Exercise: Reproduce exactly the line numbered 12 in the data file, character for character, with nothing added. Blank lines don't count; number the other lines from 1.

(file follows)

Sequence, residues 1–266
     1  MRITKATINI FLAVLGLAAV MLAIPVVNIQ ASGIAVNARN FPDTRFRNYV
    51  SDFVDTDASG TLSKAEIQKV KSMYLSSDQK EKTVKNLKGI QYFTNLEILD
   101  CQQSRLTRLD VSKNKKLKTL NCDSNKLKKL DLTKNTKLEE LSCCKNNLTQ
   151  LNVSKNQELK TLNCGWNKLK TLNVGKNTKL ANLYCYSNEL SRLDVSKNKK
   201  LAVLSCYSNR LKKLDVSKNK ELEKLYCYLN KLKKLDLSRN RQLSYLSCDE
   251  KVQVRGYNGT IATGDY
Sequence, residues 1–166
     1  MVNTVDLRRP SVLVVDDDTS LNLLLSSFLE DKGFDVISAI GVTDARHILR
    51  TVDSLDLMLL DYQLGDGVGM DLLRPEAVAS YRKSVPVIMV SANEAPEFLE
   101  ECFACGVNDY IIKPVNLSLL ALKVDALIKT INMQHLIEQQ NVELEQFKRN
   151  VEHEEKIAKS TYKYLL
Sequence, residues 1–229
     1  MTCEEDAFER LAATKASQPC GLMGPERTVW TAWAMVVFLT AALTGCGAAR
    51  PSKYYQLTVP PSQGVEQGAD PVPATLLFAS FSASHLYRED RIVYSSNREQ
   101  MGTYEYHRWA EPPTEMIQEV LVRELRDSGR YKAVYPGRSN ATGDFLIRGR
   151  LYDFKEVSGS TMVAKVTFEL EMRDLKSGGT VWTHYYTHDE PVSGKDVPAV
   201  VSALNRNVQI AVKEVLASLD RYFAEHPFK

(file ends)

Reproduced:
   151  VEHEEKIAKS TYKYLL